Why this country’s lobster exports to China are surging
Canadian lobster sales to China continue to increase this year, thanks to increased demand from Chinese consumers and a favorable exchange rate with the Canadian dollar.
“There has been a substantial growth in exports [of lobster] to China from Canada over the last 24 months, said Michael Gardner, president of Gardner Pinfold Consultants in Halifax, Nova Scotia. “Canadian companies have really turned things around in the past four or five years.”
Canada’s lobster exports to China reached CAD 6.1 million (EUR 4.1 million, USD 4.6 million) worth of live lobsters and CAD 3.5 million (EUR 2.3 million, USD 2.6 million) for frozen lobsters in June, 2015, according to Statistics Canada. Conversely, live Canada lobster exports to China were only worth CAD 2.6 million (EUR 1.73 million, USD 1.96 million) in July, 2013, and frozen exports were worth around CAD 1 million (EUR 666,213, USD 754,233), according to Statistics Canada.
While the latest data available is for June, exporters say sales have been much higher throughout the summer and fall – thanks in part to Chinese buyers shifting from U.S. to Canada suppliers because of the more favorable exchange rate.
The U.S. currency exchange rate with China is approximately 25 to 30 percent higher than the Canadian exchange rate.
”Our sales to China have increased dramatically this year – around 30 to 40 percent – compared to last year,” said David Xu, China representative for lobster exporter ZF Max International in Oakville, Ont. Last year, ZF Max and several other wholesalers participated in Chinese e-commerce giant Alibaba’s huge 11 November sale, which resulted in the sale of nearly 90,000 lobsters.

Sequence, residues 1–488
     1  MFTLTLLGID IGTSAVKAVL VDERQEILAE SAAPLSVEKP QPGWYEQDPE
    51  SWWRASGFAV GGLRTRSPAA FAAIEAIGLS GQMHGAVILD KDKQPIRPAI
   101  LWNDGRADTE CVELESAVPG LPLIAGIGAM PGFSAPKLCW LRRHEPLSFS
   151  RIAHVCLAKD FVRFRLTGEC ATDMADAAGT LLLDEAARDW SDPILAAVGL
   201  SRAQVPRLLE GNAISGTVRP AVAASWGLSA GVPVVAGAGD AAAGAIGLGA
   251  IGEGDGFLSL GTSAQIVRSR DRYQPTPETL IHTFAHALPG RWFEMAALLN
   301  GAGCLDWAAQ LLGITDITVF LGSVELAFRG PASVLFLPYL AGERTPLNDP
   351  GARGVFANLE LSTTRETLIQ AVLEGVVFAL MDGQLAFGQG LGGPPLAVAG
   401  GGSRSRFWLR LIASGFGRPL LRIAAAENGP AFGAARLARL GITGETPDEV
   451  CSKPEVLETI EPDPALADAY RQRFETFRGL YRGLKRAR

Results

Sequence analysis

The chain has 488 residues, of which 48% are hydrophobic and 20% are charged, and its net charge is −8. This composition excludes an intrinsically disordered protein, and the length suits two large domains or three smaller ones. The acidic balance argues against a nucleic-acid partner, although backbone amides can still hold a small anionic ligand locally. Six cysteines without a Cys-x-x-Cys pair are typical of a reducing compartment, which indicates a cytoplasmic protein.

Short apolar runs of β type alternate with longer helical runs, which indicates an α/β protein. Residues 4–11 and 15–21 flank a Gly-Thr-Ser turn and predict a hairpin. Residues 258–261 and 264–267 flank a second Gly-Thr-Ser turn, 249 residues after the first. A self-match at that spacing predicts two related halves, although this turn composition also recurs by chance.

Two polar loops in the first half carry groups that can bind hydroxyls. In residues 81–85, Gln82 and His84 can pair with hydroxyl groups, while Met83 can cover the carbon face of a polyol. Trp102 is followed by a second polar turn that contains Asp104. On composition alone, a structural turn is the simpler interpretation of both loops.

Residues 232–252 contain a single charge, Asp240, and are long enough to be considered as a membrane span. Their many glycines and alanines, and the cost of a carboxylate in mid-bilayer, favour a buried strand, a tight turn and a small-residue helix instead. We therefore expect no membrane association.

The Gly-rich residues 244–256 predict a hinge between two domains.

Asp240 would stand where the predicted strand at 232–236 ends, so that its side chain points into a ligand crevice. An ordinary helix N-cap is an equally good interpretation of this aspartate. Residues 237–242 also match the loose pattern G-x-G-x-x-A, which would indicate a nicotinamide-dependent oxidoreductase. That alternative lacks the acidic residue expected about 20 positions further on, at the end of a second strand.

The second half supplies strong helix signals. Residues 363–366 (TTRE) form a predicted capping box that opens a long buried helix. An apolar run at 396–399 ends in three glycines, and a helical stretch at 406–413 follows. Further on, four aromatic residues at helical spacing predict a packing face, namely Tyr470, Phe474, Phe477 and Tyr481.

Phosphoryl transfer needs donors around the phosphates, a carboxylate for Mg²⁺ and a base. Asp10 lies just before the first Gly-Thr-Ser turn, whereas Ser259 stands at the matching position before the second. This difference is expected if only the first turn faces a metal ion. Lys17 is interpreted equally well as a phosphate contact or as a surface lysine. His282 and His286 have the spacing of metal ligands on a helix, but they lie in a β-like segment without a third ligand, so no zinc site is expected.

While the promotion helped garner awareness of ZF Max and its wholesale partner in China, ZF Max will likely not be participating in the 11 November sale this year. “If you enter China as a new company, Alibaba is one way to garner awareness of your brand, but not the only way,” Xu said. “You need some company or companies promoting your brand in China, so the business is sustainable long-term.”
Canadian lobster fishermen have also realized significantly increased demand for their product this summer. “More buyers are coming from everywhere. Lobster seems to be a hot commodity right now and a lot of that has to do with China,” said Craig Avery, president of the Prince Edward Island Fishermen’s Association.
In addition to the favorable currency exchange, lobster suppliers and associations have built the demand for lobster overseas, according to Avery. “I have made three trips to China in recent years, and we have promoted our own PEI Fishers brand in Europe.” Canadian lobster processors have also opened up new markets in Sweden, Russia, Korea and other countries, Avery added.